From every country we visit, I collect one of every coin and bank note in common circulation and the bank teller was nice enough to find a couple of crisp, new notes for me. He even managed to find us a millennium edition NZ$10 note to add to our collection.

We dropped off the rental car at the EZY drop-off point and took their shuttle over to the airport. It was still a bit early and we weren’t yet allowed to check in so we spent an hour or so twiddling our thumbs upstairs in one of the waiting areas. I started to get very concerned when we heard a couple of announcements informing passengers that some flights to Wellington this afternoon were being cancelled. There has apparently been some very thick fog looming over the airport runways and the airport itself has closed down several times throughout the day. On a few occasions, I went back to the check-in desks to ask about our flight but it was too early to tell. One of the check-in clerks was telling me that it didn’t look good but there was still a chance that the aircraft would be allowed to leave, bound for Wellington – talk about non-committal! He was prepared to check us into a later flight into Auckland and we did toy with that idea for a while. I even called the car rental agency through which we had the reservation for tomorrow as well as a few hostels in Auckland to make some pseudo reservations. We decided to go through to the gate and wait there as long as we could with the plan being to make a dash back to the check-in desk again to book ourselves onto one of the Auckland flights just in case the cancellation announcement did come. Getting through the security checkpoint was interesting. We’re carrying a supermarket bag with all our foodstuffs and they apparently weren’t keen on the idea of us taking on a small cooking oil aerosol can into the aircraft cabin. That was confiscated from us, for which we received a receipt instead. I doubt we’ll be able to bake just as well with the receipt.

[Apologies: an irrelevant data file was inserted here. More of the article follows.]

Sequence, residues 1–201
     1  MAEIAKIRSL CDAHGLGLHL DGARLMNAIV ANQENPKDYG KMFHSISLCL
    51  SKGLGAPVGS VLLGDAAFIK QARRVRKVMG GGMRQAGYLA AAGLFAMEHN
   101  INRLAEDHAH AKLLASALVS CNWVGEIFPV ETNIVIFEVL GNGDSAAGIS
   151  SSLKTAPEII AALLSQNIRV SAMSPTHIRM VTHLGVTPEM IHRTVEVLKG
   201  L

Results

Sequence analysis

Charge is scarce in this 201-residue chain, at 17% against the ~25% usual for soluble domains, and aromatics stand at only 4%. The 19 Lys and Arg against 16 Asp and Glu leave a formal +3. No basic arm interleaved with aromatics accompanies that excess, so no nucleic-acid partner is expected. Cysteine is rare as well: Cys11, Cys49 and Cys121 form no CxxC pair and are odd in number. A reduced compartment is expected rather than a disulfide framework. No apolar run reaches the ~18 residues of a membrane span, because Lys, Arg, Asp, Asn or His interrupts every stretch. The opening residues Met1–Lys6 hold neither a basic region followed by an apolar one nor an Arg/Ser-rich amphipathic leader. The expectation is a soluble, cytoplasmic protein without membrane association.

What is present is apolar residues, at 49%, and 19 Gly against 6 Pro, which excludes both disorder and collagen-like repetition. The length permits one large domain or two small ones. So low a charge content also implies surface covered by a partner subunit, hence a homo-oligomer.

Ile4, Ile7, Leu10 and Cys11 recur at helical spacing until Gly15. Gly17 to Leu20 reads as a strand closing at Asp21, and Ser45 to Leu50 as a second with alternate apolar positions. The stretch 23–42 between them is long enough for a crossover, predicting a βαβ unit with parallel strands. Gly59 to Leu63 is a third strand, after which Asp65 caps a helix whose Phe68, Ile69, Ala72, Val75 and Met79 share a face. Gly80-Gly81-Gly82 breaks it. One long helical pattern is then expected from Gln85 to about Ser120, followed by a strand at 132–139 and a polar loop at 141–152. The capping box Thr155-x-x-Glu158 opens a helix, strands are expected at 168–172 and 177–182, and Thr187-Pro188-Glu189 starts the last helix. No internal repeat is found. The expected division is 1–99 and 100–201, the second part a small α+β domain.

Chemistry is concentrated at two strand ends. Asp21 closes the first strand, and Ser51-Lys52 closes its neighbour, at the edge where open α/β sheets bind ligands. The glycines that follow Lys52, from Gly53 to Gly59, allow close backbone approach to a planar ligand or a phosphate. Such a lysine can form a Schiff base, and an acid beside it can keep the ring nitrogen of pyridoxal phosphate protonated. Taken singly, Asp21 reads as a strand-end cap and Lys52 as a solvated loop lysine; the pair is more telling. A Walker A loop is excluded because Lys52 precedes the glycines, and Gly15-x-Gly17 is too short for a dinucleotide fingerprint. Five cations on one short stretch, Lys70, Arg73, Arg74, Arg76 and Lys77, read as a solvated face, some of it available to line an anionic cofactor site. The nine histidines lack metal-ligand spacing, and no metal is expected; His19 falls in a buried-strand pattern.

By now, the full load of Wellington destined passengers were all waiting at the gate wondering if we were going to get off the ground or not. Every five to fifteen minutes or so, a new announcement was made that simply informed that there was going to be another short delay with the flight. The departure of one of only two Auckland bound flights for the evening during this wait did my nerves no good at all. Then, for some reason, a very strange announcement was made. Apparently, they were asking for five volunteers to offload their luggage and re-book for a later flight tomorrow. This flight was now cleared for departure but only if the weight could be reduced. What that was all about, I have no idea. I offered for Sandy and me to be volunteers on the proviso that the airline took care of our accommodation for the night but their generosity wasn’t extending that far. Eventually, however, five people did volunteer to take a later flight and we were finally on our way. It was a very short flight and we started to descend almost immediately after we had completed our ascent. The whole of Wellington was engulfed in a haze of fog when we landed.

Whilst on board, we chatted with a girl in our row about how to get out of the airport and into the city. She very helpfully provided us with a bus timetable but in the end, we simply took a taxi. The ride to our hostel clocked in at just under NZ$17 (€9,86) so I gave our friendly Somalian driver a NZ$20 (€11,60) note and told him to keep the change. According to him, there was no news of the gunman that was apparently still at large somewhere in Wellington – nice! The girl on the plane also advised that we go and see the Te Papa museum. In fact, this is the prime reason why we’ve come to Wellington to begin with and we shall make that our primary goal tomorrow.

The taxi driver dropped us off right in front of our hostel but we had a bit of a steep climb up the drive and neighbouring alley to get to the main entrance. The stand-in receptionist was a bit high-strung but we were eventually given a room key and we made ourselves at home. At NZ$50 (€29) per night for the double room, it’s a bit better than the NZ$55 (€32) average that we’ve been paying throughout New Zealand thus far. After a short walk there and back to a nearby fast food joint around the corner, we settled in for the night.